An article on the Times of Malta today reports new evidence that contradicts the common myth that Valletta was built on arid land.
Mount Sceberras had been chosen by Grand Master Jean de la Valette as the site to build the new capital city after the Great Siege in 1565.
Described in most local history books as a barren outcrop, arid or rocky, the hill had to be levelled before construction could start in 1566 and completed with bastions, forts and the cathedral, all in 15 years.
The new evidence refuting the long-repeated theory came to light last February during the first excavations at St George’s Square by the Valletta Rehabilitation Project.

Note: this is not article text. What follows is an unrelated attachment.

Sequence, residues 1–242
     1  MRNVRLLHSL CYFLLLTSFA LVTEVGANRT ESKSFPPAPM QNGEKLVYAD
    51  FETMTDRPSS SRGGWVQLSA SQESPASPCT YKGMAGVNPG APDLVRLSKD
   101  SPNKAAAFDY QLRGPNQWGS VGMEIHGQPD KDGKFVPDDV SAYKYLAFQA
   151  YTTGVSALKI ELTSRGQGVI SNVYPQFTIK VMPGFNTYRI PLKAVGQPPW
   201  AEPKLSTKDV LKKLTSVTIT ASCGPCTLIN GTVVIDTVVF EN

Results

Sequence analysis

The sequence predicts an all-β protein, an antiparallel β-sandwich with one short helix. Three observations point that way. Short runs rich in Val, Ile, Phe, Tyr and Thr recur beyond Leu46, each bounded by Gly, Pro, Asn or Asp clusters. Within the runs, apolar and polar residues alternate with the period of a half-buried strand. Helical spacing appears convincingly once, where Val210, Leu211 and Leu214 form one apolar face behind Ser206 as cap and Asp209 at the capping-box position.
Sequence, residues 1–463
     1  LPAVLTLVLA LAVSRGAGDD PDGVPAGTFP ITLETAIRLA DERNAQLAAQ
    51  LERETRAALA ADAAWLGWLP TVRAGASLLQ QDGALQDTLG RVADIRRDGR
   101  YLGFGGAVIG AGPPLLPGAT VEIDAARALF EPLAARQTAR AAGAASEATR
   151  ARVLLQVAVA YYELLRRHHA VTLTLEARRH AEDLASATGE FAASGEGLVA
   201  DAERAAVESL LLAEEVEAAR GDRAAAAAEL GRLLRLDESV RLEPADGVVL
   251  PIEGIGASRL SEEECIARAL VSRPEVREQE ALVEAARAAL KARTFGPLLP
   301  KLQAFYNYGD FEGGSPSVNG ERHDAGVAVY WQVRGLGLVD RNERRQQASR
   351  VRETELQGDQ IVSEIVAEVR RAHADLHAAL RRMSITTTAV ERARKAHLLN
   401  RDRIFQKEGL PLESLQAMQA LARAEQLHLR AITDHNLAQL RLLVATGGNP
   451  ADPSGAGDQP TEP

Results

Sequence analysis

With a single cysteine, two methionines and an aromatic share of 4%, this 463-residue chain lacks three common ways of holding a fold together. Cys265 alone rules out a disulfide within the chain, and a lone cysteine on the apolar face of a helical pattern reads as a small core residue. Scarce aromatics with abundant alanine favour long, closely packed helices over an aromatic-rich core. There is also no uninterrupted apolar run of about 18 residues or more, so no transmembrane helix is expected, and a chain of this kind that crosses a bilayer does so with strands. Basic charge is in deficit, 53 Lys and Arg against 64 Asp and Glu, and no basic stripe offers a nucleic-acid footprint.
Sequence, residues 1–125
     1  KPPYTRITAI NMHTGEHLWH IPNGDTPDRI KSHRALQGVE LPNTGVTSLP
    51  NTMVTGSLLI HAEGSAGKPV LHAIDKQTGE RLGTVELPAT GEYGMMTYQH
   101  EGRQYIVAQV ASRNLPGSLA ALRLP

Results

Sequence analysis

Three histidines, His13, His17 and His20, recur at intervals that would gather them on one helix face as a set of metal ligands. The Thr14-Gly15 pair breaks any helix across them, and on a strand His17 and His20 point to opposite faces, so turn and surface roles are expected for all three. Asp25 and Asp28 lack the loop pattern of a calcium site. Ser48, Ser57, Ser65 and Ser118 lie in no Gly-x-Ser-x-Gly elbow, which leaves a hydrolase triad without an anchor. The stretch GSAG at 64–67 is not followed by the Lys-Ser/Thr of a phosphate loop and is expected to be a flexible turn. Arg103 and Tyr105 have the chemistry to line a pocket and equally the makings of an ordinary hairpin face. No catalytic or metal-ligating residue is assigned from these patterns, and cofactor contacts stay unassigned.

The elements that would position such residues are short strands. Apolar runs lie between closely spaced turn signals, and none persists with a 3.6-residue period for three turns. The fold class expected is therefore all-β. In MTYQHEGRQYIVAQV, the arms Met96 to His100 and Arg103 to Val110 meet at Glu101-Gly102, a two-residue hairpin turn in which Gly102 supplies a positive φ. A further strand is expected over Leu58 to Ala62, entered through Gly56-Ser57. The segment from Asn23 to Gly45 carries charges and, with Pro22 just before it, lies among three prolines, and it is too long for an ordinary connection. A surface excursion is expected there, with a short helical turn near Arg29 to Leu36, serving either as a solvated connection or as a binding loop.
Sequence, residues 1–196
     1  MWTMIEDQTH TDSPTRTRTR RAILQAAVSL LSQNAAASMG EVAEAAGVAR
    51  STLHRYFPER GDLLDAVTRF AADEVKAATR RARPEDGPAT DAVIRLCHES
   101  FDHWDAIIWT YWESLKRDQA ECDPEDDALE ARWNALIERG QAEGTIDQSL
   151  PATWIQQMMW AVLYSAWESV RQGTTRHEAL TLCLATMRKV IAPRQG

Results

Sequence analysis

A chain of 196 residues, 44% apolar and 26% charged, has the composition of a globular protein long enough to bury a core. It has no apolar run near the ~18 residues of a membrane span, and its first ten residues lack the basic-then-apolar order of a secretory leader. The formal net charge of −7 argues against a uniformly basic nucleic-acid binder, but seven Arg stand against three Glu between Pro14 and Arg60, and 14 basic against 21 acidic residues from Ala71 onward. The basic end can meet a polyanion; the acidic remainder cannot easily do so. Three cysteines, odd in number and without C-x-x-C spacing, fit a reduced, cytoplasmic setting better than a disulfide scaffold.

The oldest part of the square dates back to classical period (circa 8 AD - 395 AD) and investigations revealed rock-cut features. However, fragments of pottery dating back to the late medieval period indicated that the area was still covered by agricultural land until it was built over, Mr Borg said.
“Enough evidence was collected to prove that this was the site of intense ancient and medieval agricultural occupation. This challenges the often-repeated idea that Sceberras Height was just an outcrop of wasteland before the founding of Valletta by the Knights in 1567,” he said.